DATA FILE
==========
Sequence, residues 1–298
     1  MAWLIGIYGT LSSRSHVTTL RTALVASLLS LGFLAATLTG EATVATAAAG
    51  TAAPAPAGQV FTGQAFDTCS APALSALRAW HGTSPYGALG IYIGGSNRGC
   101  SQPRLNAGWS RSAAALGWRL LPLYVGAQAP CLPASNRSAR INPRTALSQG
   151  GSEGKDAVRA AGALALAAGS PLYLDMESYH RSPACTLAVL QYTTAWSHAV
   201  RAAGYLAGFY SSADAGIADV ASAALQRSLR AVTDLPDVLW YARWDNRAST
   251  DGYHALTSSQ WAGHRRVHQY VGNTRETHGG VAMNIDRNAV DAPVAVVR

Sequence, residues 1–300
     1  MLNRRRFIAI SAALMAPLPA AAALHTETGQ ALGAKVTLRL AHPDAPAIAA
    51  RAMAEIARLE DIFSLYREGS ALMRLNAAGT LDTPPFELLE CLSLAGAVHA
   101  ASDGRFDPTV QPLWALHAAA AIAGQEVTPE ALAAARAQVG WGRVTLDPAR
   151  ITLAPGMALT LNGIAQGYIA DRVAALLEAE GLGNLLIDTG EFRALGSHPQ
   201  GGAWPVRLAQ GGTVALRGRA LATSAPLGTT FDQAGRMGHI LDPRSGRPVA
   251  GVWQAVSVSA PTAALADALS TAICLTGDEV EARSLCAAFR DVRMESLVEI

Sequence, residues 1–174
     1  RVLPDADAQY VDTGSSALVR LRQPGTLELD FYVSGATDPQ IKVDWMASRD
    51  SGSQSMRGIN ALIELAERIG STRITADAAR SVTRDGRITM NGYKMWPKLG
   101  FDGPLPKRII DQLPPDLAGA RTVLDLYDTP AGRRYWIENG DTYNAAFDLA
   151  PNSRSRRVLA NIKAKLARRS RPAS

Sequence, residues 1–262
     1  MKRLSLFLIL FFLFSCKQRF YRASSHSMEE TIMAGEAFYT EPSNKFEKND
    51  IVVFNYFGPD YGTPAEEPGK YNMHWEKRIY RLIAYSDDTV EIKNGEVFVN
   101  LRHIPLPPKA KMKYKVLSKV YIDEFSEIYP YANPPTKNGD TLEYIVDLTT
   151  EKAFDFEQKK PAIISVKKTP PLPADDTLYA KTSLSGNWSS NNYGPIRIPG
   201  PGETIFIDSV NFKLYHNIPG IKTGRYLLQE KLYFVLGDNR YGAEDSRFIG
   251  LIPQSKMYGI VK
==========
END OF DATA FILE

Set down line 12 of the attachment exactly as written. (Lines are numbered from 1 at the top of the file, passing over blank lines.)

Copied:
   151  ITLAPGMALT LNGIAQGYIA DRVAALLEAE GLGNLLIDTG EFRALGSHPQ